Freethinking humanist with an interest in paleontology, astronomy, environmental issues, history and progressive causes.
A Penny A Day
That’s been the average daily increase in gasoline price at the pump in the USA for weeks now. In response to an NBC reporter, a spokesman for the American Petroleum Institute explained the steady rise was attributable to the rising price of crude oil. That’s sort of like saying a heat wave is caused by high temperatures.
Most experts blame faceless crude speculators—that they are unwilling or unable to identify–for price gouging. Certainly these masked men are taking advantage of the threats by Israel and many U.S. politicians to go to war against oil-rich Iran—a conflict that could also disrupt shipments out of the Persian Gulf— to push the price panic button. I’m not so sure they are completely unconnected to Big Oil.
In any case, Big Oil is exploiting the present suffering at the pump to redouble their efforts to obtain “energy independence” through unrestricted drilling in the Arctic region and off the West Coast—as well as completion of the Keystone XL pipeline from the Alberta tar sands.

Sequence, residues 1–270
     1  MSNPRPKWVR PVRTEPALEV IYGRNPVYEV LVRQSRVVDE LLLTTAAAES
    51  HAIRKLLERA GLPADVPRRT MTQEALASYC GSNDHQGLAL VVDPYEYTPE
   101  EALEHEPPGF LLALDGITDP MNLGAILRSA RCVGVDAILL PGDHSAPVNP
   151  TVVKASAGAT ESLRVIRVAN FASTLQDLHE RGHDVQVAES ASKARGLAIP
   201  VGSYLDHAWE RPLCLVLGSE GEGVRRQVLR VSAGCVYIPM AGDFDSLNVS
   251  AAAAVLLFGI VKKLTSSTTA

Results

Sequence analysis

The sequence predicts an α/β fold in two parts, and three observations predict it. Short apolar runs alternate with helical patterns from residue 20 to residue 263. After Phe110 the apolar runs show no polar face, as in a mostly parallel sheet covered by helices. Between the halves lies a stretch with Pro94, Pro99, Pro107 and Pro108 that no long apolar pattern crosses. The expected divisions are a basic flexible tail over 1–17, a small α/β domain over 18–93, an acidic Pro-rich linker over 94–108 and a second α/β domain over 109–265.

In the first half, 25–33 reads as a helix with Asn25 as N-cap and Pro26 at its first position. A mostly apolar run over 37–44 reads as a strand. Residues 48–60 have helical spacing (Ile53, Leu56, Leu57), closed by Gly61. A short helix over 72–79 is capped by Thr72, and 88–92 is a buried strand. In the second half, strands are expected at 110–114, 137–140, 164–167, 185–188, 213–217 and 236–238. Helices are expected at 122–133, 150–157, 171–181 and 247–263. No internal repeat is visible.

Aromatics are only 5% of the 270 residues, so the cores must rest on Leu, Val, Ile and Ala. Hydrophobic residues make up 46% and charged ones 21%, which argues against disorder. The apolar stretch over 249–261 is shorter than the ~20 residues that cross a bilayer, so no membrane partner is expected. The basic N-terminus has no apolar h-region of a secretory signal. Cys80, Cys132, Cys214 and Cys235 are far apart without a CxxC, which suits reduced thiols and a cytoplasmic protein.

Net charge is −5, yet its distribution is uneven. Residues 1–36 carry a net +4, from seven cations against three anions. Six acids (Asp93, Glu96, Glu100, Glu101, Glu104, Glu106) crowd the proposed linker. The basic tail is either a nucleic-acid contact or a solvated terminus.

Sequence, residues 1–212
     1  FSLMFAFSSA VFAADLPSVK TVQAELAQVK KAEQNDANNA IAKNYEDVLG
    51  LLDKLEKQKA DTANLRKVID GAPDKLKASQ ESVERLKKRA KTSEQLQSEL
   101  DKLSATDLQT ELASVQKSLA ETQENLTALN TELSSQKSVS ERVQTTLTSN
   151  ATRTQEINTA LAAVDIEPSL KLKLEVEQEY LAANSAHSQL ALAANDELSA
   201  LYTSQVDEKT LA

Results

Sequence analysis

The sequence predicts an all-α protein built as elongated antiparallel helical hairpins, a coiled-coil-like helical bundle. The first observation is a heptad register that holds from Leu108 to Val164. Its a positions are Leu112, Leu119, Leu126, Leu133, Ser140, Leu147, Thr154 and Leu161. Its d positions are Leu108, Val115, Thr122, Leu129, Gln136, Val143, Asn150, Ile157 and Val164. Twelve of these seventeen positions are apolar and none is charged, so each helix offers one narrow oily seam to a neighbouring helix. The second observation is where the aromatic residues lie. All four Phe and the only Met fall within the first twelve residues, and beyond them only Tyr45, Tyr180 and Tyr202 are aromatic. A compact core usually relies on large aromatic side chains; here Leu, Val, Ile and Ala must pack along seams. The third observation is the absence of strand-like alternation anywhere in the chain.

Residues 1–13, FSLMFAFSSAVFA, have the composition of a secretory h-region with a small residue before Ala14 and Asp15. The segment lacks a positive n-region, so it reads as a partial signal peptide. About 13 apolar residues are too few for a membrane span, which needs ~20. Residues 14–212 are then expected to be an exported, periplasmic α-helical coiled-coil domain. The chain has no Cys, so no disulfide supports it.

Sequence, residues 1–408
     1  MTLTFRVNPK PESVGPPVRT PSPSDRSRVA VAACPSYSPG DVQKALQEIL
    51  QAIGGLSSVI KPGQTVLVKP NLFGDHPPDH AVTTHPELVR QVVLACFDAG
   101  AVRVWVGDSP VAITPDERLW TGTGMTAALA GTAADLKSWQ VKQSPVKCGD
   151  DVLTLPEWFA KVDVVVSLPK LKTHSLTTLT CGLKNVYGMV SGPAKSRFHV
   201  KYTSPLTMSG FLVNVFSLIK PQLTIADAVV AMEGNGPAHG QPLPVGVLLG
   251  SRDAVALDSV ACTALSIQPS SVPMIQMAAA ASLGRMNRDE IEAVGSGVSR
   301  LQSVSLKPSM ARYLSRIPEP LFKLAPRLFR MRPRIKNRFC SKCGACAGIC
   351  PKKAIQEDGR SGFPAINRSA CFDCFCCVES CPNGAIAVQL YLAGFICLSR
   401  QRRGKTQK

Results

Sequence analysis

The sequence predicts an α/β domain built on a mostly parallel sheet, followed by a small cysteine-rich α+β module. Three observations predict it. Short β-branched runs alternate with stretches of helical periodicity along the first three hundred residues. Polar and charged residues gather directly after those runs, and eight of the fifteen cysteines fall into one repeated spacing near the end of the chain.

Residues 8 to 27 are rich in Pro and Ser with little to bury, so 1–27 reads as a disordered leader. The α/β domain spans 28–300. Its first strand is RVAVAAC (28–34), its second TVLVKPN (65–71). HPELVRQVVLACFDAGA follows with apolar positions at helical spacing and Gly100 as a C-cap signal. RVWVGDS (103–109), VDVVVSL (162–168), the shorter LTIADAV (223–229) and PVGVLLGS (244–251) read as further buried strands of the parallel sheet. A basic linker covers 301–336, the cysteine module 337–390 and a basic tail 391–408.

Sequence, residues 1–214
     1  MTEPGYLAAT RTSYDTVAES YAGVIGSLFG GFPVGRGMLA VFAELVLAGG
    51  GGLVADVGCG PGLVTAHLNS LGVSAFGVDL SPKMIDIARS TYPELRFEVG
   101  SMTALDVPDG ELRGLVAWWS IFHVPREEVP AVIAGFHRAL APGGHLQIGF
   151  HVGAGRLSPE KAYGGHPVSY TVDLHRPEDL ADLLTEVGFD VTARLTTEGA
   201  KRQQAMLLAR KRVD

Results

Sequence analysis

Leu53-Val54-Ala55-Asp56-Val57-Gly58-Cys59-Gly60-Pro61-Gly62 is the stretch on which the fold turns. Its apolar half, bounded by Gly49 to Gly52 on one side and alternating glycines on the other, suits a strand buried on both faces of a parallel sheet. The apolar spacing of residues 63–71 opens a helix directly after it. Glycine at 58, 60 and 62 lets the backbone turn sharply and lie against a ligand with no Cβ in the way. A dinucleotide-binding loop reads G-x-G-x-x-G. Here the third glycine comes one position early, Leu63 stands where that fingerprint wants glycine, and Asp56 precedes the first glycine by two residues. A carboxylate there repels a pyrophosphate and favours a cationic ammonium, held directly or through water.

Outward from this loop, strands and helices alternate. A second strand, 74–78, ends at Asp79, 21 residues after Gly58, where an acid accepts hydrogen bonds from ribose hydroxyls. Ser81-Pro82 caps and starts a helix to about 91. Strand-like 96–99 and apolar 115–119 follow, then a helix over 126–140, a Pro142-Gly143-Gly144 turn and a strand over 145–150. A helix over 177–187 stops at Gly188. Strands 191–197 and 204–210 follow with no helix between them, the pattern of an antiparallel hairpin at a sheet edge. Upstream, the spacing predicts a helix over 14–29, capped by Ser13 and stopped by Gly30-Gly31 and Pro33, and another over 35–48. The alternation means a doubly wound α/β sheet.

One fact ignored by the media is that increasing the supply of crude would mean little to domestic gasoline production. Refineries were already running at virtually 100 percent before recent closings and accidents further reduced capacity. Any gasoline refined from the dirty syncrude coming through XL to Gulf of Mexico facilities will likely be exported.
The present oil crisis highlights twin dangers, economic and environmental. Working class consumers will have to reduce consumer spending even more. Non-energy capitalists feel the same consumer pain as the rest of us when fuel prices shoot up. Either they absorb the increases, cutting in to profits, or they raise their prices–losing customers, cutting in to profits. If not soon contained fuel gouging will bring about the second-dip recession.
Yielding to demands for more drilling–and especially embracing the dirtiest of all fuels from the tar sands–will inevitably create new environmental disasters. Even maintaining the status quo in oil consumption is leading to irreversible damage to our biosphere.
The only acceptable way to avoid both the economic and environmental threats from today’s oil market is to take oil–and all energy sources–out of the market. We need to nationalize the energy industry and run it according to a plan that can conserve and restructure our resources for an ecologically sustainable and full employment economy.
Week In Review
A Weekly Column by Bill Onasch
February 27, 2012
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